After scouring the internet for information about terminating telecom contracts, I am left with one primary takeaway: Telecom Contracts are nasty. I wouldn’t wish one on my worst enemy. To start with, telecom contract attorneys have found a way to make a living. And if that’s not enough, these experts have enough business to share their warnings about avoiding bad terms to the world. Plus, their warnings go on and on and on.
Alas, maybe your business didn’t spend the time and read those long lists of warnings. Or maybe you did, and you’ve still found yourself in a contract that is harming your business. Everyday we talk to businesses like yours hurting for some help. Here’s our two cents.
- You’ve gotta read the contract that you hate so much. Every sentence. No, I am not in the business of inflicting pain. The bottom line is that oftentimes there are these little, seemingly insignificant clauses that allow for “termination without penalty”. These clauses, known as “out clauses,” can be invoked in a range of circumstances. Even if these clauses cannot get you out of your horrible contract, they will give you some leverage in your dealings with your provider.
- Hopefully your provider delivers, as a part of their product, a Service Level Agreement (an SLA for short) that is backed-up by your contract. SLAs make it their business to state, in explicit terms, what the customer is purchasing and what the provider will deliver. As an example, FluentStream’s SLA guarantees that we deliver more than 99.99% up-time. If FluentStream were to not deliver that guaranteed up-time to one of our customers in any given month, that customer would have every reason to want to end their relationship with FluentStream. If that customer were in a contract (they wouldn’t be – FluentStream doesn’t believe in contracts), they would have leverage in ending that contract – the terms of the SLA were not met.
- Your contract probably allows you, the customer, some say in how and by whom your account is managed. If your provider is unable to meet your requests for appropriate account management as expressed in your service contract, you have leverage towards ending the contract (or at least towards improving your experience in some other way).
- Your contract may, like many existing telecom contracts, cover multiple channels of service (e.g. both phone and internet service). Oftentimes, if you re-negotiate one channel of service in a way that suits your provider (maybe you increase the speed of your internet or you extend your internet contract), the provider will be more willing to be flexible about the terms of your other service channel. In many cases, this is a way to leave a telecom contract scotch-free.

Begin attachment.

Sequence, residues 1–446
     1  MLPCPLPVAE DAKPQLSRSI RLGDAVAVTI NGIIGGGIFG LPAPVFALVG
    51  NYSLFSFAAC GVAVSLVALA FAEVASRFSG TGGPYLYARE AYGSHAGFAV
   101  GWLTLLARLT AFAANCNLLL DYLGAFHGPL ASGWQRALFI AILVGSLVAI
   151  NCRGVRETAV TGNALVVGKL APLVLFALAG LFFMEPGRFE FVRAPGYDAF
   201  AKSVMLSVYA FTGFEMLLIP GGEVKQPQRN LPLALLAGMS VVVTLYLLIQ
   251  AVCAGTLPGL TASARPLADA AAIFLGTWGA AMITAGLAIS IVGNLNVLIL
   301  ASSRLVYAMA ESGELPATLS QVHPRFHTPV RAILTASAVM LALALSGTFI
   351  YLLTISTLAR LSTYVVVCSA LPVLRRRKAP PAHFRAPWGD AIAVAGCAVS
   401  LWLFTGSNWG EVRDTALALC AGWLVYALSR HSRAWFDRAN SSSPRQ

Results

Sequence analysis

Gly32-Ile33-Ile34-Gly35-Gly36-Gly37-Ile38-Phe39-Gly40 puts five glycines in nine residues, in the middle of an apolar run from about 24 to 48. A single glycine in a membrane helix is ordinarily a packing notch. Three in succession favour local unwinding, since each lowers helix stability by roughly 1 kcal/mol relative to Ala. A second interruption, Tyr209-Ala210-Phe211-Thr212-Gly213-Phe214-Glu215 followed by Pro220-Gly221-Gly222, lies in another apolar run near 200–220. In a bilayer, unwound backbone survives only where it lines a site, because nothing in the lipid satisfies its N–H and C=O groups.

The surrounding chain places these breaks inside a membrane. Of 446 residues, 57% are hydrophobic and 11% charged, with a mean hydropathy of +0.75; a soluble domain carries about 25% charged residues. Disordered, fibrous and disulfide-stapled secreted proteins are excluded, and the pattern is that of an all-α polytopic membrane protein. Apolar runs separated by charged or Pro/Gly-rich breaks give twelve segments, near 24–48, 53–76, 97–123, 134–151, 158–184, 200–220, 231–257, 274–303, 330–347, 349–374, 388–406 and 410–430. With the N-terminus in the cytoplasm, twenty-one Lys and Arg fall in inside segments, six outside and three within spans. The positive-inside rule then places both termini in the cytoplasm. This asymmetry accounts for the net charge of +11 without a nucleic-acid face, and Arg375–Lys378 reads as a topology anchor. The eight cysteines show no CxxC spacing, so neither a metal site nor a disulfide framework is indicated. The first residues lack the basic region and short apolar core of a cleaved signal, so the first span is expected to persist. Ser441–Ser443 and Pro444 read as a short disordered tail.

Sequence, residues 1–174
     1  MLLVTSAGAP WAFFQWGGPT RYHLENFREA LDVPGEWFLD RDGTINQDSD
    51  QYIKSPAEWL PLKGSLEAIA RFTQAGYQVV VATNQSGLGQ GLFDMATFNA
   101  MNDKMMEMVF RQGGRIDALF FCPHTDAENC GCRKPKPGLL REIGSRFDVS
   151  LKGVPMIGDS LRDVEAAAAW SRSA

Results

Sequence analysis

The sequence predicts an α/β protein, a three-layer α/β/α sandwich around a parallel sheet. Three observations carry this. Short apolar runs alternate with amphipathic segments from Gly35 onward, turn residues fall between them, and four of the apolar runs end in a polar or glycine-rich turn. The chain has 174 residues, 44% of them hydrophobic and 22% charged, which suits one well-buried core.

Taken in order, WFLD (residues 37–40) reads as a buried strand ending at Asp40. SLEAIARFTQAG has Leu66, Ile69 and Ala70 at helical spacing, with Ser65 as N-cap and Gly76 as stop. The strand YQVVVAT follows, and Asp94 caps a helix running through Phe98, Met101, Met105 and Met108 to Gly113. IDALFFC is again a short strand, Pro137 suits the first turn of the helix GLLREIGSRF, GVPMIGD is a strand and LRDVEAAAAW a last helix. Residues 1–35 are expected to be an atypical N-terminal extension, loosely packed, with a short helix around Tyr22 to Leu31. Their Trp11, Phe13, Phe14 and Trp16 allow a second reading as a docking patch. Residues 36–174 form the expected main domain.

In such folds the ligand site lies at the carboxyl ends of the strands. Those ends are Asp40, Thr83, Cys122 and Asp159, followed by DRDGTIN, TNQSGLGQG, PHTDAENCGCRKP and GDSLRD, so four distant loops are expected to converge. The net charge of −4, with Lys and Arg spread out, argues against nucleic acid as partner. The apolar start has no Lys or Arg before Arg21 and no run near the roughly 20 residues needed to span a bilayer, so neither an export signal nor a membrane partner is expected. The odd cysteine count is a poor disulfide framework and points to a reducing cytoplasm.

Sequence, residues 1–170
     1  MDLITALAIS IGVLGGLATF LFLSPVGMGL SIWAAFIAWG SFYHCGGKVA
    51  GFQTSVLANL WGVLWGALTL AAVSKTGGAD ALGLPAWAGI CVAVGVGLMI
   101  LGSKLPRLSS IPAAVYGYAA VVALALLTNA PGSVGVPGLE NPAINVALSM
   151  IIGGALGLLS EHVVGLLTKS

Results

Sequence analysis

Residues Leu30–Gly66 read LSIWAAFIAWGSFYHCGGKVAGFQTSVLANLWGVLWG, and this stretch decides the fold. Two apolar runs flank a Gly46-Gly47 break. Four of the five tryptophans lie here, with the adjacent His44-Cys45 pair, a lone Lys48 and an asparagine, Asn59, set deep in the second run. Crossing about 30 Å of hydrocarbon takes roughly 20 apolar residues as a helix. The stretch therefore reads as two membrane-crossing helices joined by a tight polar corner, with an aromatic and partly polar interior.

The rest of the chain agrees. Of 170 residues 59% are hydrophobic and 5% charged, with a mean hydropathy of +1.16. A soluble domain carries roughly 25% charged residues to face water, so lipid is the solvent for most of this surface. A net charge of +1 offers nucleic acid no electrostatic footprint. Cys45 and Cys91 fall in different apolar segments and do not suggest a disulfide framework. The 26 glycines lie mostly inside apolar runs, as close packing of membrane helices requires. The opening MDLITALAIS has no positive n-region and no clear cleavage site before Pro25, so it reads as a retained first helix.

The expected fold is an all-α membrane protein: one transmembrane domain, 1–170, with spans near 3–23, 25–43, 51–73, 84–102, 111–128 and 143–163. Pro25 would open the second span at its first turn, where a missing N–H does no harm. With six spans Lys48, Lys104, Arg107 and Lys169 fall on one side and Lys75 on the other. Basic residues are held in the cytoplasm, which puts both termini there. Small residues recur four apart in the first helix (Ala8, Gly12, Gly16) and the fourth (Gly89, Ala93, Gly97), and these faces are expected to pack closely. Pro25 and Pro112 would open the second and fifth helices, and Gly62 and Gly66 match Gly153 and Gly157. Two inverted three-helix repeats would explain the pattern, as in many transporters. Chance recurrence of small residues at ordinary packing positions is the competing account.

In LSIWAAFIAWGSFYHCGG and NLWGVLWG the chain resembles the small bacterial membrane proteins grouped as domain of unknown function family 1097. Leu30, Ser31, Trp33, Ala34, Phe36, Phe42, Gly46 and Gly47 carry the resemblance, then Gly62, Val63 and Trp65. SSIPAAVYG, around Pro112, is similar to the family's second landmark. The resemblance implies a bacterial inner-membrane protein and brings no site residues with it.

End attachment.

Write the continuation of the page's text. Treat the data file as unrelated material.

- Avoid telecom contracts. Your business might look for contractual agreements in order to give you some insurance about what future expenditures will look like. However, the right non-contract option can be a win-win for your business. FluentStream’s service is sold sans contract alongside a clause in our terms of service that we will never raise the price. Essentially, we’re offering all of the perks of being in a contract without the costly pitfalls.
If your business is “stuck in the muck” and cannot get your provider to budge after a careful review of your contract and a conversation aimed at mutual benefit, it may be time to explore the possibility that paying the early termination fees may be your business’s best bet. If you are planning to transition to a more affordable service provider, you may reach a break-even point quickly, even after paying the early termination fees. Often times when FluentStream is working with a prospective customer stuck in a contract, we can provide a couple months of free service to help offset early termination fees. If you are in a situation where the current telecom provider is affecting your business negatively (outages, poor support, etc.) – paying the fees to terminate the relationship may absolutely be worth it.
I said it before and I will say it again. Telecom contracts are nasty. You will serve your business well by avoiding them. At the very least, know as much as you can possibly know about the contract before you enter it and ensure that the contract promises to deliver the service that your business will need through the entire life of the contract.